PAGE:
Travel Blog: West Teaching Scholars Ocracoke Island Leadership Retreat
by Jane Snider, Staff Member
Today we arrive at Ocracoke School, a North Carolina School of Excellence and the state's smallest Pre-K-12 public school with less than 126 students in all grades. Principal, George Ortman, met with our students and related some of the challenges of such a small school. There are 20 teachers and 9 staff members.
Ocracoke School has also been designated a School of Distinction for the last three years. The average class size is eight students although the actual class size varies from grade to grade due to the population of the island. Five students will be in the graduating class of 2008. Pictures of the graduating classes for the last several years demonstrated this fluctuation as the numbers varied each year with sometimes only one student in a graduating class and as many as 12 students in one year. There is a 0% dropout rate and 100% of the graduates attempt higher education although not all finish a higher degree. Because the school is so small, there is no food service. Children either bring their lunch or have the option of going home since all are within walking distance of the school. Mid-morning snacks are served in a common area where students gather for their designated break. Grades 6–12 operate on a block schedule. Although there are teachers for every grade level, the science teacher for example teaches all science classes in grades 6–12 which include biology, physical science, earth science, chemistry and collaboration with teachers at the elementary level. Because of the size of the student population, the only athletic sport is basketball. There are no activity buses for the school, so the school must rely on teachers and parents to transport the team to games scheduled off island. Mr. Ortman pointed out that because of the isolation of the island, the team may miss an entire day of school to travel to another school for a game. The isolation also contributes to extra challenges for the professional development of teachers who may need two days of travel time to attend conferences. Advanced Placement courses and more specialized classes such as calculus, Latin, and Spanish are taken via virtual classroom or through the North Carolina Information Highway. There are no music programs but there are after-school music clubs. Over the last few years, the Hispanic population has grown and ESL programs have been added. Next year, students will have the opportunity to take classes through Beaufort Community College.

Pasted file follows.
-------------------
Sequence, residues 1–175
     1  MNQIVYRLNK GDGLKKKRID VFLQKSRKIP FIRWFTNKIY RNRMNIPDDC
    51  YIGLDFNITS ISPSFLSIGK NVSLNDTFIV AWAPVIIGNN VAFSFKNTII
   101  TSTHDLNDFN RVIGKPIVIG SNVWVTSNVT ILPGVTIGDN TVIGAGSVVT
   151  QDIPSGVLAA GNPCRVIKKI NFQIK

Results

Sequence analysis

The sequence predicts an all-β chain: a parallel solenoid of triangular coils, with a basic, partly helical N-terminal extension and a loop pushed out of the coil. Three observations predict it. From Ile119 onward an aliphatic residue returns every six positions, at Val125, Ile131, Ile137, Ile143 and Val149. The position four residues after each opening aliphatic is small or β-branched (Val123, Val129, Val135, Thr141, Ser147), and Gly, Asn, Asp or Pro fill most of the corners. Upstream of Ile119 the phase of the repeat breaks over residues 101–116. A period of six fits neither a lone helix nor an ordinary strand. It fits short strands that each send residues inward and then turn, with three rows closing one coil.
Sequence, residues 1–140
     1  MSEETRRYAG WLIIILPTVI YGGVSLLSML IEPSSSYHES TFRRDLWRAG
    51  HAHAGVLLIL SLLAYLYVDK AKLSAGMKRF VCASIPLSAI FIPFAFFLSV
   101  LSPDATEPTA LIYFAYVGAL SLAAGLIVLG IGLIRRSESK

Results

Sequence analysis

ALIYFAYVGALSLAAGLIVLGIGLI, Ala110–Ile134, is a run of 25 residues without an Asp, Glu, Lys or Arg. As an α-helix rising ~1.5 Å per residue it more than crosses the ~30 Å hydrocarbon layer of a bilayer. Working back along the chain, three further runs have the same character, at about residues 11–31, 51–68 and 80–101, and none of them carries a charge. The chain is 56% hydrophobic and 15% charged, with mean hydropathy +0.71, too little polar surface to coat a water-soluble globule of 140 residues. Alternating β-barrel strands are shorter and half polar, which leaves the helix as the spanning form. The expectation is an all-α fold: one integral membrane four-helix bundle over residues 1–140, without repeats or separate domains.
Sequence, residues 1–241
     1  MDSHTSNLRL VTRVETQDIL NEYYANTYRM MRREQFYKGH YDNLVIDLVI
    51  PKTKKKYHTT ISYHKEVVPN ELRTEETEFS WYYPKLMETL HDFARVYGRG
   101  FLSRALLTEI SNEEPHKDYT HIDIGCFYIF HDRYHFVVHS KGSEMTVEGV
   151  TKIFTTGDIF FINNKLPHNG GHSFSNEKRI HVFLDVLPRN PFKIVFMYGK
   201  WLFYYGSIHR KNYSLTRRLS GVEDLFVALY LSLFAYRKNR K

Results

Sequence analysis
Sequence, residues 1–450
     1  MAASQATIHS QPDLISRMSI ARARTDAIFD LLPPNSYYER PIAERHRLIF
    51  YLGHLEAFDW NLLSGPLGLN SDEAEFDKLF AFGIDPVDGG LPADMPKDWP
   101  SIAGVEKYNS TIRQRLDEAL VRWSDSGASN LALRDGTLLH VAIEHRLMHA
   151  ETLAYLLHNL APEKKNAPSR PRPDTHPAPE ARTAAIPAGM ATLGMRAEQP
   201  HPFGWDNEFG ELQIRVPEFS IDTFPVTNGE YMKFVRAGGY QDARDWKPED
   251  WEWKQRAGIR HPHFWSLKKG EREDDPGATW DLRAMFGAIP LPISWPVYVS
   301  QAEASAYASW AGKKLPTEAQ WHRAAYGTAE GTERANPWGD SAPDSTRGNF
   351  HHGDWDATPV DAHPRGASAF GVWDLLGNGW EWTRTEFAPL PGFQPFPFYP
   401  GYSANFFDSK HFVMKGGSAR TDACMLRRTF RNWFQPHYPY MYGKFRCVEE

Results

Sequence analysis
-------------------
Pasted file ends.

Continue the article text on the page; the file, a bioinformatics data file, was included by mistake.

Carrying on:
Our students were allowed to visit classrooms according to their field of certification. PE and music majors joined the basketball team for an impromptu game and even met them at the school later in the evening for another game. Dr. Freeze taught a lesson in the middle school social studies class which several of our students were able to observe. The remainder of the day was "free time" for island exploration. Students walked or rented bikes to explore Howard Street, the British Cemetary, Ocracoke Lighthouse, Springer's Point, and Teach's Hole where Blackbeard the Pirate was killed and beheaded. Some also went on a short excursion to view the Banker Pony Pens and more shelling on the beach. After a brief seminar session that night, we loaded the bus as much as possible for an early morning departure.
PHOTOS: Teaching Scholars Leadership Retreat